Why Energy is Pivotal in Workplace Equity

    Black man and Black woman in business attire workplace equality

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    America has work to do in terms of workplace equality

    Statistics on workplace equality in America are grim. According to the Institute for Women’s Policy Research (IWPR), most sources say women earn 82 cents per every dollar men do, but when total earnings for all women who have worked at least one year in the past 15 are tabulated, it actually drops down to just 49 cents on the dollar. At the current growth rate, their estimates show equal pay won’t be reached until 2059, or 2119 for Black women and 2224 for Hispanic women.

    Pay isn’t the only issue with workplace equality, though. Less than 6% of Fortune 500 companies have female CEOs, women are more likely to face sexual harassment, and 75% face retaliation when they report it.

    The energy sector needs a makeover too

    The energy sector struggles without women in leadership roles as well, but the disparity in workplace equality is even greater. Just 17% of those in senior and executive leadership roles and 1% of CEOs are women. Of course, it’s a male-dominated sector on the whole, with only 15% of positions filled by women, despite the fact that women make up almost half the American workforce. The energy sector also has the second-highest pay gap, narrowly missing last place by less than a penny.

    The oil and gas sectors will play a pivotal role in American workplace equality going forward

    Most of this isn’t news to anyone in the energy sector, but it does signal something uncanny: oil and gas can literally change the trajectory of workplace equality for the whole country.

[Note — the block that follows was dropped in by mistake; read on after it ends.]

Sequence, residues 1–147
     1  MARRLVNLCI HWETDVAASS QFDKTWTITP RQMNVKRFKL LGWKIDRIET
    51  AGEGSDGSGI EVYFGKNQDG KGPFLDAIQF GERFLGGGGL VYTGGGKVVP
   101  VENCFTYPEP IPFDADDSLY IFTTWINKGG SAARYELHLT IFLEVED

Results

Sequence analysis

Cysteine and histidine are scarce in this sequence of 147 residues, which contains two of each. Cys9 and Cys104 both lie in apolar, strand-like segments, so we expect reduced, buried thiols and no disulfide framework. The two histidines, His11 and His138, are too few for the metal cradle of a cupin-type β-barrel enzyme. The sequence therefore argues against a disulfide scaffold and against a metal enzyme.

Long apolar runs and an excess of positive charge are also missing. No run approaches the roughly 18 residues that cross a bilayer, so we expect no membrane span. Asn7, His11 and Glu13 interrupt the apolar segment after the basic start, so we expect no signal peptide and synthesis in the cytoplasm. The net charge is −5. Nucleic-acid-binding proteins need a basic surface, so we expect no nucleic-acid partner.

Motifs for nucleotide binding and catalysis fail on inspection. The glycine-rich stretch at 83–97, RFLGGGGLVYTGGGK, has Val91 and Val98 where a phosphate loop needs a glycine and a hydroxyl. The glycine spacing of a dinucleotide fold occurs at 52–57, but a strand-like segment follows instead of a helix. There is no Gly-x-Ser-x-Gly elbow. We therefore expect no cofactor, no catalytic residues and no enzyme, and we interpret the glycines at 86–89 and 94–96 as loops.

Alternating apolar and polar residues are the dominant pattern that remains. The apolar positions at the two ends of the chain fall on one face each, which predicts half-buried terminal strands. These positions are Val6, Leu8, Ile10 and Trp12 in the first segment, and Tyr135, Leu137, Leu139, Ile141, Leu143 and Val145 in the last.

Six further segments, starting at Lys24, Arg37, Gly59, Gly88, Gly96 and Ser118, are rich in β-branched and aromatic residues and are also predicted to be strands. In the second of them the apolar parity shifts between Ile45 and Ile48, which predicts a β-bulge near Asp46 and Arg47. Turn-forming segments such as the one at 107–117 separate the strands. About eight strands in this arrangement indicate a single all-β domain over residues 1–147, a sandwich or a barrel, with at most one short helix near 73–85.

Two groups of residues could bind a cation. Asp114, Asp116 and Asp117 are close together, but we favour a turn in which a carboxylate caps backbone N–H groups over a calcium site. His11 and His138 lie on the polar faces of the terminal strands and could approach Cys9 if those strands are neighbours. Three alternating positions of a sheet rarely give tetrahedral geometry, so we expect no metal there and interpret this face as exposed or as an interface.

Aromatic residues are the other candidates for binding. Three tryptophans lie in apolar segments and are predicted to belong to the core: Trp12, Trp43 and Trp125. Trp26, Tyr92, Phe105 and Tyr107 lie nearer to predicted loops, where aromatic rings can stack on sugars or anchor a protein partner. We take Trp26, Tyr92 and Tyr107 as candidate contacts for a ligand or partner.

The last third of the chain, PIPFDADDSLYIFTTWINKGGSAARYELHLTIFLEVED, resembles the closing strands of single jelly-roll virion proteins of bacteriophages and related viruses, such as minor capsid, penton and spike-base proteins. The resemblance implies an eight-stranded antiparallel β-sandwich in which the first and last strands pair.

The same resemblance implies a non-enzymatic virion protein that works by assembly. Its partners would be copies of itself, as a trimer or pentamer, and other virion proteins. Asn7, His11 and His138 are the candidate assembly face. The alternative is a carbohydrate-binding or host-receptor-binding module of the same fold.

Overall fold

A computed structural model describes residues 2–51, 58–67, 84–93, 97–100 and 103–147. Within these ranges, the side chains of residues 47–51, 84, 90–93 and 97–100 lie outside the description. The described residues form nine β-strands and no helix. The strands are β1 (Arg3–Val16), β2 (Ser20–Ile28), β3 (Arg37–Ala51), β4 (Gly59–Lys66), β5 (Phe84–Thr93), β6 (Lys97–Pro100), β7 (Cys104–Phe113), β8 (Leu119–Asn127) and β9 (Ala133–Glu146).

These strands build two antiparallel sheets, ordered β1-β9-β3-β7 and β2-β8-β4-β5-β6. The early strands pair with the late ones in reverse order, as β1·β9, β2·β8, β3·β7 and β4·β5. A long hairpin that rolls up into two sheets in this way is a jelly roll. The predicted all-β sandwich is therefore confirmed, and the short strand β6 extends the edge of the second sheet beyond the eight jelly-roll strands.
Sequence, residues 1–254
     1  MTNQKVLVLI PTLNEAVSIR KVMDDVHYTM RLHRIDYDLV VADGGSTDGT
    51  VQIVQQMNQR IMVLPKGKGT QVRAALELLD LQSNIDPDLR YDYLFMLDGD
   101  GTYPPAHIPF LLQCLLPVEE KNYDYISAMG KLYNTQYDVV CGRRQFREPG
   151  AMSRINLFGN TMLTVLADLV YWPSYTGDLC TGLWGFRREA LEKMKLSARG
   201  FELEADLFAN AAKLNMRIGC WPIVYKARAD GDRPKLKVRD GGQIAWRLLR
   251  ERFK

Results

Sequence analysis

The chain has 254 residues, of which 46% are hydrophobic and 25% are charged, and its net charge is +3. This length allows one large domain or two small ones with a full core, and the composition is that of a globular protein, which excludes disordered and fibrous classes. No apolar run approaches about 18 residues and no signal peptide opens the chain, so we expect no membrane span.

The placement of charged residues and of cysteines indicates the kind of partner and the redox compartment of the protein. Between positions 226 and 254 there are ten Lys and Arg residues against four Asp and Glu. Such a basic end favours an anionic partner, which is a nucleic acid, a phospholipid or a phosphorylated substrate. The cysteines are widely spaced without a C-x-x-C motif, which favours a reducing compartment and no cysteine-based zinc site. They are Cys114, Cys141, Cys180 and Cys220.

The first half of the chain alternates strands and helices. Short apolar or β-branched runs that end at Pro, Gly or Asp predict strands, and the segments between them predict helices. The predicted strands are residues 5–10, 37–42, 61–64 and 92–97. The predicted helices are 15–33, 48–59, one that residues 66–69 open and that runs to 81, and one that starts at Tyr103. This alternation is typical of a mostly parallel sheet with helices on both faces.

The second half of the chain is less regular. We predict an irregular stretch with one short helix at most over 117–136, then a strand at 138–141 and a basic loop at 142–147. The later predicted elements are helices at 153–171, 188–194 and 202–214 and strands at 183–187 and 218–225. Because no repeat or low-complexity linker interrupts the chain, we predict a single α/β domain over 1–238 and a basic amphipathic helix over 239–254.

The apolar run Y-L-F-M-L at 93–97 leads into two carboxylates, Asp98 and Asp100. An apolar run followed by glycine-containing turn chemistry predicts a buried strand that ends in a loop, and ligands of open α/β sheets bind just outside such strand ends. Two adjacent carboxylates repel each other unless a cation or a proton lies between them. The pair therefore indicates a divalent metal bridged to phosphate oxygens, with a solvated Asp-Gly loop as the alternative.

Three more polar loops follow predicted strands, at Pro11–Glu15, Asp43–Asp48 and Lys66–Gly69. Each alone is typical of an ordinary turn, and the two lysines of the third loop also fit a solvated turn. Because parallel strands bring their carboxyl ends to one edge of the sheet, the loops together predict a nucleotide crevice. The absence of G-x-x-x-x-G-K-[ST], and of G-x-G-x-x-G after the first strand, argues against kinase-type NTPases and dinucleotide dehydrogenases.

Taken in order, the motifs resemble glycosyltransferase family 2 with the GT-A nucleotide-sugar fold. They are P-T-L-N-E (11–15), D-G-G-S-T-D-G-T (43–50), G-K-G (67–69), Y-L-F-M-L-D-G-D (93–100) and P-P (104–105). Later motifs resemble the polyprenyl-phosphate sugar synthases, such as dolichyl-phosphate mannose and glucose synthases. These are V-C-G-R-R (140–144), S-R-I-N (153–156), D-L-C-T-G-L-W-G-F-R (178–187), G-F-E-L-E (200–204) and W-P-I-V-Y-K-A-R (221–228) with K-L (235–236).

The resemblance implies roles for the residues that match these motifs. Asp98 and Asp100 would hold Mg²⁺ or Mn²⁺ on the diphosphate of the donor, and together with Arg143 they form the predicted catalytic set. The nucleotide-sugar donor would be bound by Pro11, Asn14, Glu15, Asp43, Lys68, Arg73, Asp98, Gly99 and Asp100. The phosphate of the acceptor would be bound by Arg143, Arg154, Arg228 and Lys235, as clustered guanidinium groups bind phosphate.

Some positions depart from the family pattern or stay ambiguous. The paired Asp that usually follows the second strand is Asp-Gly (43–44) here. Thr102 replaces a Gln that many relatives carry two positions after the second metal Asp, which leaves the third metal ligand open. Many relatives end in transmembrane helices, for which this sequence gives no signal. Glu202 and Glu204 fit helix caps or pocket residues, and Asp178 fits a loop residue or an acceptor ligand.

Oil and gas execs see more value in diversity than other execs do

    A while back, Forbes magazine polled CEOs and execs responsible for diversity in their organizations and asked them if they saw how creating diverse teams connected with business-driving activities. A whopping 41% couldn’t make the connection. To be clear, there’s a wealth of data that links diversity to profit and a whole host of positive business outcomes, but literally 2-in-5 CEOs missed this memo. Yet, research specific to oil and gas shows that 61% believe it impacts financial performance and 77% say it impacts non-financial performance. In other words, one of the worst industries for workplace equality has one of the best mindsets to correct it.

    Companies are embracing the shift

    The same oil and gas study shows that 98% of survey respondents say this is a huge time of change for the industry, and they’re excited about it. The overwhelming majority (94%) say they think diversity of thought and experience are paramount to navigating the changing times.

    Job growth is exploding

    Research from API shows that the oil and natural gas and petrochemical industries are expected to have 1.3 million job opportunities by 2025. By 2035, 1.9 million positions will be active. About one-third of these will be in management and professional fields, offering entry points for those with college degrees, particularly in STEM fields.

    Pay in energy is near twice the national average

    Data gathered by API shows that oil and gas boast salaries greater than $100,000 annually, which is nearly $50,000 greater than the national average. As women and minorities take new roles within the sector, as 16% and 36% are respectively expected to if current trends remain the same, wages for women will climb on a national level.

    If energy can create workplace equality, every industry can

    Obviously, the steps oil and gas companies take now to shore up their D&I programs and genuinely create cultures of inclusion will be paramount going forward. However, the stage is set. There’s excitement, an understanding of the benefits, and much anticipated growth. As oil and gas embrace workplace equality, the sector is not only improving conditions on a national scale, but will show the rest of the country how it’s done.

    Be part of the shift

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    Feature image credit: Photo by Rebrand Cities from Pexels.